Collaborative Vision Foundation founders and Quest alumni Matilda Taylor and Yassin Nayel, pictured above.

Quest University graduate Yassin Nayel has always been interested in the socio-economic side of medicine. In particular, he has thought a lot about who gets access to what treatments.

When he was growing up in Egypt, the son of an ophthalmologist, he volunteered with organizations working to stamp out preventable blindness and that passion has stuck with him.

Nayel graduated from Quest in 2018.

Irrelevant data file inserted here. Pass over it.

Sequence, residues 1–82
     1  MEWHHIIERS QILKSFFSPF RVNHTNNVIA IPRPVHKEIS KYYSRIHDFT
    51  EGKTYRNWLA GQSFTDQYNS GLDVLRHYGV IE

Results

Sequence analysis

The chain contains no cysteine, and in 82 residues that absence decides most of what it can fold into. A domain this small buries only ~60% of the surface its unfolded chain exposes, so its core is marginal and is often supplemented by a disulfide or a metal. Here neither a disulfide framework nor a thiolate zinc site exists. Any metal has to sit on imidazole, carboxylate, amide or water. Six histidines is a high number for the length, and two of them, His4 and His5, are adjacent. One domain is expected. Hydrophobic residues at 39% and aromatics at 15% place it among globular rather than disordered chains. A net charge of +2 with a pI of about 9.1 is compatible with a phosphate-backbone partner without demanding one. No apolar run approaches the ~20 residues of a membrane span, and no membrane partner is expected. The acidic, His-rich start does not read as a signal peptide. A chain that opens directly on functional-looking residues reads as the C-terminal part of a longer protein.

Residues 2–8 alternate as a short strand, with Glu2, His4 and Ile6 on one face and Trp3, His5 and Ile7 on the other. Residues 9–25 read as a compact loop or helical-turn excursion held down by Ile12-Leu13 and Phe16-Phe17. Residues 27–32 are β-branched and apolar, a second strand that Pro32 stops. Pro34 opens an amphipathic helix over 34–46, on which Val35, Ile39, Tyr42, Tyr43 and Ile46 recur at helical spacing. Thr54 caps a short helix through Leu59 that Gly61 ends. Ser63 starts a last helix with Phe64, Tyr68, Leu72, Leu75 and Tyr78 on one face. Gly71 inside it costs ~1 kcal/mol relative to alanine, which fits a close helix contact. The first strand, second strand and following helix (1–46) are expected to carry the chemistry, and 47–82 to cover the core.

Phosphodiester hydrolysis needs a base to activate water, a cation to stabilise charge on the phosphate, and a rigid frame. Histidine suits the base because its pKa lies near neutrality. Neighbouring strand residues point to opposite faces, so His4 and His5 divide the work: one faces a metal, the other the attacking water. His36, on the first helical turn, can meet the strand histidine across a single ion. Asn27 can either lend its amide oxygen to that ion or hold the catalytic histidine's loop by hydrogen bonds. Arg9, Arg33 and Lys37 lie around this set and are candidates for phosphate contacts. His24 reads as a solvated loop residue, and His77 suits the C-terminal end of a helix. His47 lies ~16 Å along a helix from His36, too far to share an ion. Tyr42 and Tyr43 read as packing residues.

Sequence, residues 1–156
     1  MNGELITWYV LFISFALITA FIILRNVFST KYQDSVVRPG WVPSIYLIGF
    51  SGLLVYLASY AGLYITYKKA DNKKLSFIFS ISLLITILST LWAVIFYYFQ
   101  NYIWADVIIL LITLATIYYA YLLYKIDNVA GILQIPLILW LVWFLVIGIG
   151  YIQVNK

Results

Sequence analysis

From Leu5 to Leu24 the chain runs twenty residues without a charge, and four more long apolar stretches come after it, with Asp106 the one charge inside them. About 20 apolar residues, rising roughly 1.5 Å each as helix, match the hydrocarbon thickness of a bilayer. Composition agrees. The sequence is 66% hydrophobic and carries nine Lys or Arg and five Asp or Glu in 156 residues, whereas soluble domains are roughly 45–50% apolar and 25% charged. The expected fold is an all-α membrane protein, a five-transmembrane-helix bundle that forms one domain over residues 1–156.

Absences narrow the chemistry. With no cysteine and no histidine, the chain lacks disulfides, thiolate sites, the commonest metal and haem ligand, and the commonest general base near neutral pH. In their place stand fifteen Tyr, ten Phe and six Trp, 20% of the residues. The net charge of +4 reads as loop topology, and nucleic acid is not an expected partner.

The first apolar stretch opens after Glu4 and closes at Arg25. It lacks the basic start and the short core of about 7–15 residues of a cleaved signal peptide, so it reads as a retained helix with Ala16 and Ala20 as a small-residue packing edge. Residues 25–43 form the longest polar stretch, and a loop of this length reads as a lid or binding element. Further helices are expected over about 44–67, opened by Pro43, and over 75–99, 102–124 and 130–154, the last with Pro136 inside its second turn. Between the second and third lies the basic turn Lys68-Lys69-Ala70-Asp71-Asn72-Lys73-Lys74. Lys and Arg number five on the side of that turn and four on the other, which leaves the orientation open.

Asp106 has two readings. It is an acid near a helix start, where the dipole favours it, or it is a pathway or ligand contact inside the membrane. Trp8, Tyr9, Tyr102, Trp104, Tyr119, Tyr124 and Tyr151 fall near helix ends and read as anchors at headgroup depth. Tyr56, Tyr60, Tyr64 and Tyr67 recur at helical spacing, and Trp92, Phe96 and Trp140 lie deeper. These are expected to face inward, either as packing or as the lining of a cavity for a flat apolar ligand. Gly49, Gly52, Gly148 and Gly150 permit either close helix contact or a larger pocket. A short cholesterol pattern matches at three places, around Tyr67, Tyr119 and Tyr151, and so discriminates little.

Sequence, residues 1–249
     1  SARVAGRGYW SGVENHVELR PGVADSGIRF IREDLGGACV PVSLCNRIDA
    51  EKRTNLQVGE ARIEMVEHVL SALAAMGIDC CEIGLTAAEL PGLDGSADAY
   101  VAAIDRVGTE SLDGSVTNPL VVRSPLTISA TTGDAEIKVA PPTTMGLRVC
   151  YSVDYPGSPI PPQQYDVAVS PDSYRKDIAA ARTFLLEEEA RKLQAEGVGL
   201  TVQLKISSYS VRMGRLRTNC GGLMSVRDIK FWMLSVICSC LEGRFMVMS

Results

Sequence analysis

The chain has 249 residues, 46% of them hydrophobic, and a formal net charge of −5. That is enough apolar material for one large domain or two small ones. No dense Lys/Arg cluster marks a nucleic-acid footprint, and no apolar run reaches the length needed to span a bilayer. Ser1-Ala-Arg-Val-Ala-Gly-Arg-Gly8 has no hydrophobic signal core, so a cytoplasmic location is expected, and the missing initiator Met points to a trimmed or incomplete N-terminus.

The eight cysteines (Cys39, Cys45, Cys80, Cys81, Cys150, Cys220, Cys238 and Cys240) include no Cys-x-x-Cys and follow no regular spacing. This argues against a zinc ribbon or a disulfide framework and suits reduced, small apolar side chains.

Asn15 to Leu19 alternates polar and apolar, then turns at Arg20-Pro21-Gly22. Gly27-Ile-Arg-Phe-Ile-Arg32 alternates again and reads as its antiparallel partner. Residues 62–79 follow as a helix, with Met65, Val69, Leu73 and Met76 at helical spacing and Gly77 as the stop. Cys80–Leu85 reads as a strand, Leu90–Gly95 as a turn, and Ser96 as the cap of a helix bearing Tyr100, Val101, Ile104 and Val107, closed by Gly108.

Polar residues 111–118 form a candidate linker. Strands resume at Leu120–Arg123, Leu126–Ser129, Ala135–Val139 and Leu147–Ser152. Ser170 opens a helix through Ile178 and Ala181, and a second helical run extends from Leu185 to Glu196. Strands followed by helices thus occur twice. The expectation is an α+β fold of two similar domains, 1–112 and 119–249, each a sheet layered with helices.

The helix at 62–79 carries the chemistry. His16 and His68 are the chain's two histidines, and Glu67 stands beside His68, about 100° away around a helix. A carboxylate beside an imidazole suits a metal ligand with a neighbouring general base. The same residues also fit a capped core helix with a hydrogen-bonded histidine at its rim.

While there, his ‘question’ — which is like a major at other universities — was: “How can we ensure equal treatment of infectious diseases worldwide?”

One of the major causes of blindness in Egypt is an infectious disease called trachoma.

Nayel said while quality health care is available in Egypt, it is only accessible to those who can afford it.

“It is definitely good if you have money,” he said over the phone from Baltimore, Maryland, where he is attending medical school.

“[But Egypt] is not a big enough system to be able to accommodate the amount of people who don’t have money.”

Trachoma, therefore, is a disease of poverty.

Read the full article by the Squamish Chief.

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